The Reformation changed not one word of the Bible, nor did it question the essential elements of the faith: the Trinity, the redemptive crucifixion, the resurrection and its promise. In fact, it doubled down on the Bible. Indulgences, a lucrative money-earner for the church and its pardoners when Martin Luther nailed his ninety-five theses to the church door, was subtext for achieving redemption by works. Saint Paul makes it abundantly clear that redemption can’t be earned but is gifted, and directly, through faith in Jesus Christ. An important distinction to be sure, but it should not be overstated. Roman Catholicism goes on with its confessionals and the intermediation of saints without disturbance to the essential shared elements of the Christian faith across different denominations.
On the other hand, large swathes of the Koran (and the Sunna – Mohammed’s life, words and actions) would need to be excised, if the creed were to become benign. I covered this fairly comprehensively in a Quadrant article in December 2017, where I wrote: “Islam without Islamism is an unwritten book. If it were ever written – which it won’t be – it would be very short and extremely nondescript.”
Short of an heretical excision of Allah’s very words, what are you to possibly do with passages like these, a small sample (Pickthall translation):
♦ So, choose not friends from among them [disbelievers] … if they turn back to enmity [apostates] then take them and kill them wherever ye find them, and choose no friend or helper from among them (Verse 4:89)
♦ Slay the idolaters wherever ye find them (9.5)
♦ Mohammed is the messenger of Allah. And those with him are hard against the disbelievers and merciful among themselves (48:29)
♦ I will throw fear into the hearts of those who disbelieve. Then smite their necks and smite of them each finger (8:12)
♦ Fight against those who have been given the scripture as believe not … until they pay the tribute [jizya] readily, being brought low [read dhimmitude] (9:29)
Andrew Bolt, the other evening, showed a video of an Islamic preacher in Sydney referring to Jews as the progeny of apes and pigs. Surely that would bring condemnation of a vast horde of Imams? Hardly. And why? The words of Allah can’t be gainsaid, that’s why. According to the Jewish virtual Library, the “divine punishment of Jews” is included in three Koranic verses:
♦ They are those whom Allah has cast aside and on whom His wrath has fallen and of whom He has made some as apes and swine (5:60)
♦ You have surely known the end of those from amongst you who transgressed in the matter of the Sabbath, in consequence of which we condemned them: Be ye like apes, despised (2:65)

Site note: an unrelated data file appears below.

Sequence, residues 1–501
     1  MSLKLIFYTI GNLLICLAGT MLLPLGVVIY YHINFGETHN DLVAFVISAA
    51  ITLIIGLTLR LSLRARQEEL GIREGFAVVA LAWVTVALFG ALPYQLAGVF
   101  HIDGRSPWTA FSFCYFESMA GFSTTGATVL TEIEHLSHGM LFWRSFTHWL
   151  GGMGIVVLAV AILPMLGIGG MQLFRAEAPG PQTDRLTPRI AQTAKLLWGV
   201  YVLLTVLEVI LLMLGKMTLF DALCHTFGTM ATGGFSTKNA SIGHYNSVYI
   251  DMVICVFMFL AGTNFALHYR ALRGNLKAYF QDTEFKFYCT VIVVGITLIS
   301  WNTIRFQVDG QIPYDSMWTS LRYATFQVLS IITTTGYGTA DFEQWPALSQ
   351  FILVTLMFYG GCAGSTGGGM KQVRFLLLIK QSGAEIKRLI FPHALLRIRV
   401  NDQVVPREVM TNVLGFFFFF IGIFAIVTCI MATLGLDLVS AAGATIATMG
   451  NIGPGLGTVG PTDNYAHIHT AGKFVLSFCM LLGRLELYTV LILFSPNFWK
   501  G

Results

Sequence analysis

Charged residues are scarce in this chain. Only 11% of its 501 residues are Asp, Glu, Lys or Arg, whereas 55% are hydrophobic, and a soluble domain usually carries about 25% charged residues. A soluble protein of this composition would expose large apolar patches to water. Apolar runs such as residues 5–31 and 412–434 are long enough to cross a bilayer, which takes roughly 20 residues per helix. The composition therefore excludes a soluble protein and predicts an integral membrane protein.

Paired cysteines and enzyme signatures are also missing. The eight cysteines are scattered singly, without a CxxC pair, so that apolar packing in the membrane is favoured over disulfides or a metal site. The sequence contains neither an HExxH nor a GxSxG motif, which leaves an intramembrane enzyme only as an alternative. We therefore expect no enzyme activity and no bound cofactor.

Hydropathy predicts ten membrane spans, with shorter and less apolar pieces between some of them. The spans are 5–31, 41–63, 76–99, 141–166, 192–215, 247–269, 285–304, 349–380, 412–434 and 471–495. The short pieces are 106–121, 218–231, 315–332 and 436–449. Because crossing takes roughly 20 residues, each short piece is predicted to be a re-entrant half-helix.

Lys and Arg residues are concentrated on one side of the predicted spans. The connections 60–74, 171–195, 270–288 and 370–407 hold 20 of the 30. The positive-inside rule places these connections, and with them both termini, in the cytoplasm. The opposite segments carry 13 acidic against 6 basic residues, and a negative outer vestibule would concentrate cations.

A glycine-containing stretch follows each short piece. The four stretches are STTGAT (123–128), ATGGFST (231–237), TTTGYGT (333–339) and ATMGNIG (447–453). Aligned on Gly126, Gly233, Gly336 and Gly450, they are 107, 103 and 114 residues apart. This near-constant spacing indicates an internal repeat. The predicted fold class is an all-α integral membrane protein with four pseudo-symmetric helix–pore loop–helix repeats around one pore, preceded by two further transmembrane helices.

♦ [And] when, instead of amending, they became more persistent in the pursuit of that which they were forbidden, we condemned them: Be ye as apes, despised (7:166).
Decent people might be puzzled as to why so much hateful speech from the Islamic pulpit goes unchallenged in the Muslim world. It’s not a mystery. If it isn’t in the Koran, it’s in a canonical hadith. As is article 7 of the original Hamas (1988) charter, since sanitized:
The Day of Judgement will not come about until Moslems fight the Jews (killing the Jews), when the Jew will hide behind stones and trees. The stones and trees will say O Moslems, O Abdulla, there is a Jew behind me, come and kill him. Only the Gharkad tree, (evidently a certain kind of tree) would not do that because it is one of the trees of the Jews. (related by al-Bukhari and Moslem).
Compare this, if you will, with the Sermon on the Mount:
But I tell you, love your enemies and pray for those who persecute you, that you may be children of your Father in Heaven. (Matthew 5:44)
As I recorded in the article to which I referred above, Mark Durie in his book Islam, Human rights and Public Policy refers to a poll taken in Indonesia in 2006 which found that 58 per cent of respondents in this apparently moderate Muslim nation believed that adulterers should be stoned to death. In 2010, Pew Research found that 84 percent of Egyptians, 86 per cent of Jordanians and 76 per cent of Pakistanis favoured death for apostasy.
We have a problem. It’s growing among us, and there is no excuse for not knowing about it. Ayaan Hirsi Ali has written about it; as, among others, have Mark Steyn, Douglas Murray, Irshad Manji, Robert Spencer, Oriana Fallaci, Mark Durie, Michel Houellebecq.
At question is how many Australians of the Muslim faith think of themselves primarily as part of the Umma rather than primarily as Australians.